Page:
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Setting the Stage

Author: Ben Ikenson
Issue: March, 2018, Page 96
Photo by Scott Sandler

Indoors, the entry is just as jaw-dropping as it is outside. A lofted sitting and piano room creates a compressed arrival that opens to a large, two-story great room.
Bold Architectural Designs Become One With the Landscape and Their Surrounding Communities

Born on the Greek island of Crete, Nick Tsontakis emigrated to Montreal with his parents and two brothers when he was just three-and-a-half years old. A few years later, an uncle visited from the old country, bearing a gift of wooden toy building blocks, and, like some oracle out of Greek mythology, issued a succinct directive: “When you grow up, become an architect.”

The entry to the Scottsdale home of Lawdan and Hamid Shojaee is a bold and dramatic statement, with a 6-foot-wide red door and an arching, cantilevered canopy that extends above the circular auto court.
The bright and impressionable young Tsontakis was hardly one to deny the Fates: “It stayed with me, and I saw myself as a future architect from that day on,” he says.

After establishing himself professionally in Canada, he decided to move south—and the Crete-like geography and climate of Arizona convinced him to set up shop in Scottsdale.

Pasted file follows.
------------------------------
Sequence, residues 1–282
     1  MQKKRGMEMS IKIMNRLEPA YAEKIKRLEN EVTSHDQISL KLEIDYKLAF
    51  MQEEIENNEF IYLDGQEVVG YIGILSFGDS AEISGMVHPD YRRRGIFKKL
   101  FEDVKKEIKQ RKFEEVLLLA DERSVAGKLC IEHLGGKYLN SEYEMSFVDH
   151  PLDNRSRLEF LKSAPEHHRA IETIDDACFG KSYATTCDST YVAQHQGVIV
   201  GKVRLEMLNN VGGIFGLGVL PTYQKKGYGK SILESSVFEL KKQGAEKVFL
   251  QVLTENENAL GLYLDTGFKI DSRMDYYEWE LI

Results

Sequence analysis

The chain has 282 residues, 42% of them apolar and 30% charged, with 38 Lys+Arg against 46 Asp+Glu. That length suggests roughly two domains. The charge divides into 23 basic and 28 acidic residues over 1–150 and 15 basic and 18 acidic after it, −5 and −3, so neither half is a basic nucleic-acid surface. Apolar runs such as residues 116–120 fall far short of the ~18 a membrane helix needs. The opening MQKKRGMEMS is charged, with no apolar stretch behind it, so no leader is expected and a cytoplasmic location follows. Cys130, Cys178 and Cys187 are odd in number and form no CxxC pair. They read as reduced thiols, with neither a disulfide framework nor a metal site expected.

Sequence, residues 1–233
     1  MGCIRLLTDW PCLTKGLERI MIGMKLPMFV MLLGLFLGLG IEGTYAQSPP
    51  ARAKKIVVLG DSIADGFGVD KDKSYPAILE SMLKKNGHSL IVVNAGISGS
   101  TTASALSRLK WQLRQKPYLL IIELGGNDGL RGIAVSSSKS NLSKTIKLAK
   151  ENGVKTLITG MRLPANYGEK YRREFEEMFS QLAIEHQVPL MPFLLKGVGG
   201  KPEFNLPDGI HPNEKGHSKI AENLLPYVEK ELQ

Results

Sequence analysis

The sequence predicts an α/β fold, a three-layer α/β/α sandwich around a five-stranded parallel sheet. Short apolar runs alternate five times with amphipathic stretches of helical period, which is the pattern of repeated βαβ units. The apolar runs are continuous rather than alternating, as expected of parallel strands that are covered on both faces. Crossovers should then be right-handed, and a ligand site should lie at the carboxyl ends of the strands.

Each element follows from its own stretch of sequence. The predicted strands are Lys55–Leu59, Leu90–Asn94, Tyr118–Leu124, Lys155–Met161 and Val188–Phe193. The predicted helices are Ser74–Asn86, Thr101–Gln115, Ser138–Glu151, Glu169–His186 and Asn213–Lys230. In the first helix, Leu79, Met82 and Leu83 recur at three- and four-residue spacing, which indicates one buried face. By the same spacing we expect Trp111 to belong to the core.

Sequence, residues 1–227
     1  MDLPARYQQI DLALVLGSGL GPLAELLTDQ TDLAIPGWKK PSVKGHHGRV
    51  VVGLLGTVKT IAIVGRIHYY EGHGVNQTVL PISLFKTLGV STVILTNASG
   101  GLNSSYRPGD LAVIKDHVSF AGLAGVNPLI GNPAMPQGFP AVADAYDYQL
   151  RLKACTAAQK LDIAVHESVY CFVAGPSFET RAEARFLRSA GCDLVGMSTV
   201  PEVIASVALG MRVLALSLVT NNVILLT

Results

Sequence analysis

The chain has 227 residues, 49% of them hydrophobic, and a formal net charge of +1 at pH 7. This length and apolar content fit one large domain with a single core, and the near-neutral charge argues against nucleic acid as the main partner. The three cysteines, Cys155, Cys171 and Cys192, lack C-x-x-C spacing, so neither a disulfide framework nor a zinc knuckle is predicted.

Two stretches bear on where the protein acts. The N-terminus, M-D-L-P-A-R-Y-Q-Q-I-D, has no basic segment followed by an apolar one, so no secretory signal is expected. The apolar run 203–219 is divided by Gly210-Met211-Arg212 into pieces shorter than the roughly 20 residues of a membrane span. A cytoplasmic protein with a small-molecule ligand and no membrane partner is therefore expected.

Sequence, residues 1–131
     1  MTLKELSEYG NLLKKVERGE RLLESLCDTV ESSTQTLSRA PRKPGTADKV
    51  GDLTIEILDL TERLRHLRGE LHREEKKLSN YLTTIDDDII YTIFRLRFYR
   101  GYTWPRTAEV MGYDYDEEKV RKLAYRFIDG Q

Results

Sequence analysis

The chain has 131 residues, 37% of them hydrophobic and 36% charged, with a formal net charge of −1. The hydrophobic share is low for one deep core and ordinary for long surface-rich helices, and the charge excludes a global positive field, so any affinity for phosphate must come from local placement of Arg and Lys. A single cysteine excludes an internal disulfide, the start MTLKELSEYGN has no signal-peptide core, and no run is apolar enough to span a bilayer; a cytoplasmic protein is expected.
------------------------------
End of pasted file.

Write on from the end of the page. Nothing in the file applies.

“I immediately felt at home here,” says Tsontakis. “But I also noticed there was not much variety in the built environment, and I really wanted to contribute in a way that I felt the desert seemed
to invite.”

Fortunately for his clients, Tsontakis’ approach has never been one-size-fits-all. He does, however, adhere to a few guidelines: the incorporation of common materials in simple yet innovative ways, flexibility to work around unforeseen obstacles during the construction process, and an abiding sense of respect for a project site’s existing surroundings.

The positioning of the home at the end of a cul-de-sac conceals the entryway from the street to provide a strong sense of privacy.
“The architecture should fit into the context of the site,” says Tsontakis. “The right design is not necessarily something that fits into a ‘style’ but responds well to the topography, capturing views and providing privacy where needed.”

And, more often than not, such design also should make a bold artistic statement.

This common-sense yet out-of-the-box perspective certainly served Tsontakis well when designing an 8,500-square foot home in Scottsdale for Hamid and Lawdan Shojaee. The couple had purchased two adjoining lots, one of which was at the end of a cul-de-sac, which Tsontakis used as a conceptual starting point.